GENERATION RENT campaigns for professionally managed, secure, decent and affordable private rented homes in sustainable communities.

Join us today and help campaign for a better deal for private renters.

How we help

  • hwh-1.pngCall for changes in legislation, strategies, policies and practices to make private housing a better place to live

  • hwh-2.pngStrengthen the voice of private tenants by developing a national network of private renters and local private renters’ groups
  • hwh-3.pngEncourage private renters to set up local groups in their own areas
  • hwh-4.pngWork with affiliates towards achieving the aims of Generation Rent
  • commented 2018-06-21 13:54:43 +0100 · Flag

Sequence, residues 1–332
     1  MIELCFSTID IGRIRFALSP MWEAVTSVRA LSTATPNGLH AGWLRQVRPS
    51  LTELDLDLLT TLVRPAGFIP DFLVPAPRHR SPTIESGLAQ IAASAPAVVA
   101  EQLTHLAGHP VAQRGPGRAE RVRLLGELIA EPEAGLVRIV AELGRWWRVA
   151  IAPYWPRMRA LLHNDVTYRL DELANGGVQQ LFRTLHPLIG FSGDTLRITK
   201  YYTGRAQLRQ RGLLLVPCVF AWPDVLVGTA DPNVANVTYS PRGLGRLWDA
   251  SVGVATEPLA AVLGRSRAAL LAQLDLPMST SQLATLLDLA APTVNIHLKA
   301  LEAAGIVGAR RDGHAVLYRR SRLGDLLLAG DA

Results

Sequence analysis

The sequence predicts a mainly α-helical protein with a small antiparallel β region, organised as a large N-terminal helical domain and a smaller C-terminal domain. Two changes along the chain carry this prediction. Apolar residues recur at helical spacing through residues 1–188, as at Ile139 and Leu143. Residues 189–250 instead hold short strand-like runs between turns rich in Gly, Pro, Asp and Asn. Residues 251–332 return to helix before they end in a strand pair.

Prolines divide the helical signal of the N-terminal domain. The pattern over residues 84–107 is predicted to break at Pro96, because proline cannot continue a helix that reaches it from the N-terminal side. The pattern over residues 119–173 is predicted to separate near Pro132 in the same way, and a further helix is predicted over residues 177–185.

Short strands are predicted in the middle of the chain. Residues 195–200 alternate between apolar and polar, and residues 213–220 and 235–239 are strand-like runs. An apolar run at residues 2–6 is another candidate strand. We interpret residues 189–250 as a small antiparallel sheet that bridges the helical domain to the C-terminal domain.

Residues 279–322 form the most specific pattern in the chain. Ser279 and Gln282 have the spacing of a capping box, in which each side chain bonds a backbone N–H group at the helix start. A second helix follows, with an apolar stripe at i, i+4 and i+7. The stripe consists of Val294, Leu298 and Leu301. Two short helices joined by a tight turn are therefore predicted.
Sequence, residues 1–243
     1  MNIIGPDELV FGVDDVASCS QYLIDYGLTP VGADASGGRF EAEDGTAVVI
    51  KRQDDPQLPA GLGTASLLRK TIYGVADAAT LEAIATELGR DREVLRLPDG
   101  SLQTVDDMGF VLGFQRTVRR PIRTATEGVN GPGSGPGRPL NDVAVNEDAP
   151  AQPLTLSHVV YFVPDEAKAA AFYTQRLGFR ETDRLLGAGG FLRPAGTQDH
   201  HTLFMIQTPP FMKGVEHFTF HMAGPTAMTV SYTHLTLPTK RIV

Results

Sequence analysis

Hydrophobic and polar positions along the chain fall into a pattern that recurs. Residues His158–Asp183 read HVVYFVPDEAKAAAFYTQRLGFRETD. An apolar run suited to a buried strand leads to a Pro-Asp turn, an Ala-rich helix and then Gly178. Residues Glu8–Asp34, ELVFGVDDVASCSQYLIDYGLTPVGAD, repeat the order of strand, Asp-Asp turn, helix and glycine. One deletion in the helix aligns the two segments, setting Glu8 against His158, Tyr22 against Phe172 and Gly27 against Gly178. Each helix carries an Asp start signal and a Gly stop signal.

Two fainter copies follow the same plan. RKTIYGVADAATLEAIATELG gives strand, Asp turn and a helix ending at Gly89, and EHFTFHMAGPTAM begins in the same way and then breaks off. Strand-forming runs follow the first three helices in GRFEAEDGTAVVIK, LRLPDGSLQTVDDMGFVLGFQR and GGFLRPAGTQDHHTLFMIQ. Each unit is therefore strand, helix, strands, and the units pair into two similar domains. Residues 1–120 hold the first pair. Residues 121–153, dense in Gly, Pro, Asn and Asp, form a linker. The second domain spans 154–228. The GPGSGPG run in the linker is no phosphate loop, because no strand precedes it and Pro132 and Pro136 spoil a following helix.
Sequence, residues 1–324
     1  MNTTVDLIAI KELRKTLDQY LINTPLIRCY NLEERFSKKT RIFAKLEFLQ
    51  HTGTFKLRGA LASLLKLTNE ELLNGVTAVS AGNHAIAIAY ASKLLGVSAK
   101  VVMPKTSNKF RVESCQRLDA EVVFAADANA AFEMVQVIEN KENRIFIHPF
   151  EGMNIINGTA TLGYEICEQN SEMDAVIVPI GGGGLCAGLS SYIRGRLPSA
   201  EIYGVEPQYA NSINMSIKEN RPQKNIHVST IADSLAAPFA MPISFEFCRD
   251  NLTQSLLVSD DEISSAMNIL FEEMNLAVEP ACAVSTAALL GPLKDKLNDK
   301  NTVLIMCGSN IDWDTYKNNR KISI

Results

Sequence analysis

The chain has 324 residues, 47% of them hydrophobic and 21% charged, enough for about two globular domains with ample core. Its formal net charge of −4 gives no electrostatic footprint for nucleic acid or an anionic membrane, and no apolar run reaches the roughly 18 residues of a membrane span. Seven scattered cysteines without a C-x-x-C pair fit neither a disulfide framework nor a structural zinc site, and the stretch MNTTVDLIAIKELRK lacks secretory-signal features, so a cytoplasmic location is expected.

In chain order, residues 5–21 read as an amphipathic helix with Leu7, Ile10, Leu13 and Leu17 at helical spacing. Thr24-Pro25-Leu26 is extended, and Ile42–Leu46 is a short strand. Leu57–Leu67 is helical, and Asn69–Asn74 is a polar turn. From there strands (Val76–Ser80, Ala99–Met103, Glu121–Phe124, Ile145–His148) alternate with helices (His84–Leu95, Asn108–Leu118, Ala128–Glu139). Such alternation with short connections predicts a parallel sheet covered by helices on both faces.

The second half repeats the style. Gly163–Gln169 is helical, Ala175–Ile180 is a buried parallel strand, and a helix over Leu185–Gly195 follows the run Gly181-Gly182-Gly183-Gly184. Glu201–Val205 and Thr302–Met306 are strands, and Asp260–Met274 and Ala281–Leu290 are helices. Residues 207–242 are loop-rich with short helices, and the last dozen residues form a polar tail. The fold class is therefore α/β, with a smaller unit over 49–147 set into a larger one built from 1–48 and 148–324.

The thing is that even three months notice is still very stressful and an extra month won t be time to save when you re paying up to £1000 per month and then have to pay anything up to another £1000 or more in Letting Agent fees to find somewhere else to live. The problem is much much more complicated than that. The whole system needs to be looked at, more secure tenancies are needed, with maybe an arbitrary body in place when it comes to regaining possession. It’s so difficult to just find somewhere else to live if you re on a limited income, that’s why it’s so stressful when a section 21 is served. For a single person, or a retired person on a fixed income or indeed anyone, there is simply nowhere to go! In addition prospective tenants have to undergo an affordability check to see if they can afford the rent. Either the minimum wage needs to be increased or rents need to come down or be capped so that instead of only people s wages being looked at, rents should also be more in line with what people can afford. And all of that is not even taking into account the shambles that is universal credit where you simply don t receive any money for at least 8 weeks. Because of this Landlords won t take people in receipt of benefits. If wages and the cost of living were more aligned with each other there would be a greatly reduced need to claim help.